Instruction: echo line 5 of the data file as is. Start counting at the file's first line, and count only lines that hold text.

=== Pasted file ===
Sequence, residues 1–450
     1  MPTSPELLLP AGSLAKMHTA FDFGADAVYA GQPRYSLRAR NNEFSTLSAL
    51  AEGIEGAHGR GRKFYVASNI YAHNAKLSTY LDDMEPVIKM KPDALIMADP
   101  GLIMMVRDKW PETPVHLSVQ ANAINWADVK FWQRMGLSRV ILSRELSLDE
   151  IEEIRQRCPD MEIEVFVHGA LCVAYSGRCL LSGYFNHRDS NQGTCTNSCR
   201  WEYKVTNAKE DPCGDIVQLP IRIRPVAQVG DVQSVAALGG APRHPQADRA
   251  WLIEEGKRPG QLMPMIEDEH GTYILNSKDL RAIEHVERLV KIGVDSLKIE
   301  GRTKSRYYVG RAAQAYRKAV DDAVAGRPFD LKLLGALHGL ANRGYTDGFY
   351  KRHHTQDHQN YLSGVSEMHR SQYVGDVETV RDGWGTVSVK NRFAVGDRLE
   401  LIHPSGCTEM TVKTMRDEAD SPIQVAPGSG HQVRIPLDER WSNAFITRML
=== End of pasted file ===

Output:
   151  IEEIRQRCPD MEIEVFVHGA LCVAYSGRCL LSGYFNHRDS NQGTCTNSCR